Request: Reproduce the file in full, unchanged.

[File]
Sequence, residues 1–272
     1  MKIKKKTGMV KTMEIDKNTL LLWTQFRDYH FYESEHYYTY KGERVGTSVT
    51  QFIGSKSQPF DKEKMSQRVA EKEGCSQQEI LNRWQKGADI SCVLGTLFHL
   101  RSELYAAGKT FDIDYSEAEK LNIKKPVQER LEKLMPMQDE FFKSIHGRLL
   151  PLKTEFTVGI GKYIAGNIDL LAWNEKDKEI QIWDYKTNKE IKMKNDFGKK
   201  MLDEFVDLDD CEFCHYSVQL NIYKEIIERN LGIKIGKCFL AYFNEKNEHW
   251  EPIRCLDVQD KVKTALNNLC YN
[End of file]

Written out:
Sequence, residues 1–272
     1  MKIKKKTGMV KTMEIDKNTL LLWTQFRDYH FYESEHYYTY KGERVGTSVT
    51  QFIGSKSQPF DKEKMSQRVA EKEGCSQQEI LNRWQKGADI SCVLGTLFHL
   101  RSELYAAGKT FDIDYSEAEK LNIKKPVQER LEKLMPMQDE FFKSIHGRLL
   151  PLKTEFTVGI GKYIAGNIDL LAWNEKDKEI QIWDYKTNKE IKMKNDFGKK
   201  MLDEFVDLDD CEFCHYSVQL NIYKEIIERN LGIKIGKCFL AYFNEKNEHW
   251  EPIRCLDVQD KVKTALNNLC YN